Americans spend billions of dollars every year on supplements, therapies, and procedures in an attempt to slow the aging process. But did you know you can stay younger longer in just a few minutes a day?
According to Dr. Datis Kharrazian in his book Why Isn’t My Brain Working?, reaching maximum heart rate for just a few minutes a day can release several anti-aging chemicals in your body, including human growth hormone (HGH).
HGH enhances vitality, healing and recovery, optimal hormone levels, bone strength, fat burning, brain function, cardiac health, and blood sugar levels. It’s no wonder Baby Boomers are enticed by the promises of HGH treatments—our levels of HGH decline as we age. However, HGH treatments are expensive and may be risky.
Instead, you can raise your HGH levels naturally by reaching your maximum heart rate for just a few minutes a day. Studies show spending time in your maximum heart rate releases a cascade of natural feel-good chemicals, including HGH.
These bursts of intense exercise trigger the release of not only HGH but also opioids, chemicals that produce that “exercise high.” High intensity exercise also triggers the release of chemicals that improve blood flow, dampen inflammation, and support healthy brain function—all great anti-aging benefits.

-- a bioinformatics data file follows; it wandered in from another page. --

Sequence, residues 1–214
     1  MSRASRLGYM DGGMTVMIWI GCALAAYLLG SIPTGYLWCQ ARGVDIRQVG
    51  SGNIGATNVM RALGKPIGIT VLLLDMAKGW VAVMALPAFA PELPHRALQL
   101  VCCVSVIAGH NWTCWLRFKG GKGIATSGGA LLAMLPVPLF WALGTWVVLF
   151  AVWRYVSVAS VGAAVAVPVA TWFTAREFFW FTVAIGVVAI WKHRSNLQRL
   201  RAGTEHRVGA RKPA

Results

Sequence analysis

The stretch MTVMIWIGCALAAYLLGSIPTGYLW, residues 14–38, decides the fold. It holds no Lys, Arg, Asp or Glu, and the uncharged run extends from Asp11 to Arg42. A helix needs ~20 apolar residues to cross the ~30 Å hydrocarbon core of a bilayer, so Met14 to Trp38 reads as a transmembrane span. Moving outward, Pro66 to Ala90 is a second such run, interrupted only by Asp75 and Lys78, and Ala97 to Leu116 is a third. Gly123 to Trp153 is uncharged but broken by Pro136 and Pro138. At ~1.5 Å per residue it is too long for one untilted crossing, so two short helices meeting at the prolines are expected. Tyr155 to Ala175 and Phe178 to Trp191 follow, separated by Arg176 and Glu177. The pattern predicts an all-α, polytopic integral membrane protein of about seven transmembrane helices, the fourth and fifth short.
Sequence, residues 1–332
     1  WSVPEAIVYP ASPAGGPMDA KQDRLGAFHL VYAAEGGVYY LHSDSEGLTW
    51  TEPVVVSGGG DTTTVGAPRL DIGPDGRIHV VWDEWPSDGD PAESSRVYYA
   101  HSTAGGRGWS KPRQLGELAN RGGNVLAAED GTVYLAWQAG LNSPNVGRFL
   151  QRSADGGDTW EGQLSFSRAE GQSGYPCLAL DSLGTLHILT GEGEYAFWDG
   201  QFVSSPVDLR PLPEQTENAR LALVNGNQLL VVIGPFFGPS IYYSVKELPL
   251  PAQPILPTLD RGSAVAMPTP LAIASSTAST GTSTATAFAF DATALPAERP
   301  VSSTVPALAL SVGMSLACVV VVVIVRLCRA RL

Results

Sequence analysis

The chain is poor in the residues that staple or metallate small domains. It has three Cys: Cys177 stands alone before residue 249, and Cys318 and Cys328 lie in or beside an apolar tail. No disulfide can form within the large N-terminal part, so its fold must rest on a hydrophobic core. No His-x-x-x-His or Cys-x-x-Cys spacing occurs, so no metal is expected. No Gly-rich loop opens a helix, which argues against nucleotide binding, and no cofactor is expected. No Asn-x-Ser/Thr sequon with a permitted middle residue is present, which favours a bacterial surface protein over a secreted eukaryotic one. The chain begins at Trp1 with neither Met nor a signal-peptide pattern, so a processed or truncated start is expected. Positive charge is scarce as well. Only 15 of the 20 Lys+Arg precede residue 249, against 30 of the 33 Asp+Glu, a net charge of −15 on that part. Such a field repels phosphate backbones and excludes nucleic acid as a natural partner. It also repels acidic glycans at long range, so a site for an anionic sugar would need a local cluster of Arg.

How to exercise to release anti-aging chemicals
You do not have to exercise long at high intensity. Just a few minutes a day at maximum heart rate can trigger the release of these chemicals. In fact, overtraining will work against you by increasing inflammation, exceeding your body’s antioxidant capacities, and taxing your adrenal glands.
First, determine your maximum heart rate. To do this, simply subtract your age from 220. For instance, a person who is 46 years old will have a maximum heart rate of 174. This is the zone you want to try to stay in for at least two to five minutes once a day to release your body’s feel-good, anti-aging, and anti-inflammatory chemicals.
Examples of how to boost your heart rate include doing squats to fatigue, push ups to fatigue, jumping jacks, jump roping, sprinting, jumping on a trampoline, jump squats, jumping or stepping onto a platform, burpees, and more. Many find doing this within the first half hour of waking can help them become a "morning person."
Although just a few minutes a day can go a long way to release anti-aging chemicals in your body, don’t confuse this protocol with an actual exercise regimen of longer duration. If you’re able, you should still add in longer sessions of strength and aerobic training throughout the week without overdoing it.
Be cautious and smart by not overdoing it
Not everyone will be able to do the few minutes of maximum heart rate exercise. Some people are simply too sick and too fragile. Others may need to work up to it over time. Be smart and listen to your body as over exercising can inflame and deplete your body, causing setbacks in your health recovery. According to Dr. Kharrazian, you know you’re doing it right if it makes you feel good and gives you more energy. You know you’re overdoing it if you “crash,” and it takes you a while to recover.
You can also support your body’s release of anti-aging chemicals by adding in specific nutritional compounds before and after your morning exercise to improve blood flow, maintain electrolyte balance, and dampen inflammation. Ask my office for advice.